Thirteen outbreaks were reported; six of these were linked to underimmunized close-knit communities
TUESDAY, April 30, 2019 (HealthDay News) — A total of 704 cases of measles were reported in the United States from Jan. 1 to April 26, 2019, representing the largest number of cases since 1994, according to research published in the April 29 early-release issue of the U.S. Centers for Disease Control and Prevention Morbidity and Mortality Weekly Report.
Manisha Patel, M.D., from the CDC in Atlanta, and colleagues address the increase in measles cases seen in the United States from Jan. 1 to April 26, 2019.
The researchers note that 704 cases of measles were reported in the United States from the start of 2019 to April 26, representing the largest number of cases reported in a single year since 1994 when there were 963 cases and since elimination of measles in 2000. Overall, 71 percent of the 704 cases occurred in unvaccinated persons and 98 percent occurred in U.S. residents. Nine percent of the patients were hospitalized. In 2019, 13 outbreaks have been reported, accounting for 663 cases (94 percent of all reported cases). Six of these outbreaks were associated with underimmunized close-knit communities, accounting for 88 percent of all cases.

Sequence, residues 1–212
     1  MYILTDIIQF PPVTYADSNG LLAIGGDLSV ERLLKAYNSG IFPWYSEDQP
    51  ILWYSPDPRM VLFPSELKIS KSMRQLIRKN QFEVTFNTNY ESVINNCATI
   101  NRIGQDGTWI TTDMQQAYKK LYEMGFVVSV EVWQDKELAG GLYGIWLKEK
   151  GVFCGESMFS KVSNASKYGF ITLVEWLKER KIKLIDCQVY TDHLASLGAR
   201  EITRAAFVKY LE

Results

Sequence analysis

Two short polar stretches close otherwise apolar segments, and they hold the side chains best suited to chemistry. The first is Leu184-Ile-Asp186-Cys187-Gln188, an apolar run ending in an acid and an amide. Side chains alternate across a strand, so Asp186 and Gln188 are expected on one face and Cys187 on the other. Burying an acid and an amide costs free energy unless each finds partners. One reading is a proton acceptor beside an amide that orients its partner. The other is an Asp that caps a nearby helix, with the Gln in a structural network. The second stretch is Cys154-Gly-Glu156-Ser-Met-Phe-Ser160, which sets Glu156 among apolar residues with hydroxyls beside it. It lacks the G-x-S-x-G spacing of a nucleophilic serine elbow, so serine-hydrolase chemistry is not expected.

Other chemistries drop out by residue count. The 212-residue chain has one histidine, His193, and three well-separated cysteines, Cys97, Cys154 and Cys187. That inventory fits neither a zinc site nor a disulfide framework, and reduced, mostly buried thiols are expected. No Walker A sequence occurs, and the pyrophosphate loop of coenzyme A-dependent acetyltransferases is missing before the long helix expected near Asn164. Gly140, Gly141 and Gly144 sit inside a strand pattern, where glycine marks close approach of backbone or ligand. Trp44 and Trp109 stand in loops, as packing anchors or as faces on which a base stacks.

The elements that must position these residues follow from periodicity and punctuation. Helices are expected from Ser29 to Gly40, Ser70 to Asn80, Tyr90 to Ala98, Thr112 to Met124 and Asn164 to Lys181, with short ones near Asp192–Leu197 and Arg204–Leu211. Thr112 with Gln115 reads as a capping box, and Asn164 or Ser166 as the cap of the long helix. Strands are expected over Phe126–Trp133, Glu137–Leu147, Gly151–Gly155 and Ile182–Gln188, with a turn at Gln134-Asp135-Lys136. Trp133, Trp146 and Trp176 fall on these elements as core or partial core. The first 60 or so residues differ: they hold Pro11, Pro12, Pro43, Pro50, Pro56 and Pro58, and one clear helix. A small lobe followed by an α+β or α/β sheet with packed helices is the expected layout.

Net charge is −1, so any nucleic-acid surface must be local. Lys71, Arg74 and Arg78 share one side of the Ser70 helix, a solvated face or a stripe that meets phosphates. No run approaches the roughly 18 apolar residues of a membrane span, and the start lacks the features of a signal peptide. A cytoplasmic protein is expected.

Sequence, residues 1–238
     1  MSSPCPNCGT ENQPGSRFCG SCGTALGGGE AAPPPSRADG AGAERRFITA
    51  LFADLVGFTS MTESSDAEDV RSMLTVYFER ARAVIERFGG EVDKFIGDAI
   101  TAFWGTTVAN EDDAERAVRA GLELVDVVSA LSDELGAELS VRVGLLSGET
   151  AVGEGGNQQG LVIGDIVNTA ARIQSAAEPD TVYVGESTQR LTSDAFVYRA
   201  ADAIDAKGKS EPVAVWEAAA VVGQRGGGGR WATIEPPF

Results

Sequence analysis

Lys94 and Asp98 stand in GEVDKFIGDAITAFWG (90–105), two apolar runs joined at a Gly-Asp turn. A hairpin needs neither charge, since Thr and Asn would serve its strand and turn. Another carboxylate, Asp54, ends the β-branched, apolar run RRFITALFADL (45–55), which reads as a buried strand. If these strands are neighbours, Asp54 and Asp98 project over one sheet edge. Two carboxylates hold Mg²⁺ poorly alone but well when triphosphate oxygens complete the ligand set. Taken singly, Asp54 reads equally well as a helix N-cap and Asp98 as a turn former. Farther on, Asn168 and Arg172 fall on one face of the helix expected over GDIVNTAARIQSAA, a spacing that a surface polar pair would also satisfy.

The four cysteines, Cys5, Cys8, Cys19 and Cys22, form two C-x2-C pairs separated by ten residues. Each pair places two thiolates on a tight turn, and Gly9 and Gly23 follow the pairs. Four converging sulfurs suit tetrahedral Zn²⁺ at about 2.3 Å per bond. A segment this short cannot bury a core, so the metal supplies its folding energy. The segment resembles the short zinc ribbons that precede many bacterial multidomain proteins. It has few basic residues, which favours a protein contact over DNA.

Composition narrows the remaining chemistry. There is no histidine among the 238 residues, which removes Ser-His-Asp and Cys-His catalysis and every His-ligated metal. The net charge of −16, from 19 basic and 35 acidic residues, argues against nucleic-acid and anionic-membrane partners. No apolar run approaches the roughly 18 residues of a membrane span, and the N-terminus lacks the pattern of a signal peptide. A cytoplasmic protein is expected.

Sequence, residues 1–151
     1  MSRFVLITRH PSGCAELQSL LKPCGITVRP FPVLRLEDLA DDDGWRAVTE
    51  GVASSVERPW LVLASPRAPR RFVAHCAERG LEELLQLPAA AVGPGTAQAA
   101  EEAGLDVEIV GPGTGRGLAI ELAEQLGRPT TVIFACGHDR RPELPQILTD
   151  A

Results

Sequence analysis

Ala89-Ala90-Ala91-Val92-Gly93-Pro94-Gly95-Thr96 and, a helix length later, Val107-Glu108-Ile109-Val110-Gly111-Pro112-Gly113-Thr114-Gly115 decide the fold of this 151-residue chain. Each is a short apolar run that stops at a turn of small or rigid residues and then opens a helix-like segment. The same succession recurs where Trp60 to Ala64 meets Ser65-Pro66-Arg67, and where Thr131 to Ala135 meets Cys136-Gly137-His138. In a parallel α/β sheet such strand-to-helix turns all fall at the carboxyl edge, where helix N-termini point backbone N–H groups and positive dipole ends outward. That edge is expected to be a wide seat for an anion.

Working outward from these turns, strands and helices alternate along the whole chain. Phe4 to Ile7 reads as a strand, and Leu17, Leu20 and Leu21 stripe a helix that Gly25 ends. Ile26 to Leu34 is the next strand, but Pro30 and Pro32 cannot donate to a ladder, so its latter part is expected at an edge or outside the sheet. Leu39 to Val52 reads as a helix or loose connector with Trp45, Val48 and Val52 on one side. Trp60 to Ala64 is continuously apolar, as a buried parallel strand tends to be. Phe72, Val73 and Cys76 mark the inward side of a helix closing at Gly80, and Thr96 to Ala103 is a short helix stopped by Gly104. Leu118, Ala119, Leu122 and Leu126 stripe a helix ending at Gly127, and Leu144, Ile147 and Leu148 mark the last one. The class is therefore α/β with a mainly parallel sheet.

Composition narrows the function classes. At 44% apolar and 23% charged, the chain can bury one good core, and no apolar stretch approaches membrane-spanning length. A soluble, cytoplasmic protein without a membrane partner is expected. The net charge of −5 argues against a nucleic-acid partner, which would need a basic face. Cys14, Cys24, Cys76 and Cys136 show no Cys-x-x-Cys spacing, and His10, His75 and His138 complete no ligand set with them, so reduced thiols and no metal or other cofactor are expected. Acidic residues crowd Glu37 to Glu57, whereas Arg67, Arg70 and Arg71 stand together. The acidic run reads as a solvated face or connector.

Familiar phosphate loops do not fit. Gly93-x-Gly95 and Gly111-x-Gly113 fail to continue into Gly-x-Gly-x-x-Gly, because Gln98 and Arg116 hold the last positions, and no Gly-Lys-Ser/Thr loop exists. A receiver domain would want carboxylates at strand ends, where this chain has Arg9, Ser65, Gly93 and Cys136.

“Health care providers should rapidly report all cases of suspected measles to public health authorities to ensure that timely control measures are implemented,” the authors write. “High coverage with measles, mumps, rubella vaccine is the most effective strategy to limit transmission and maintain elimination of measles in the United States.”
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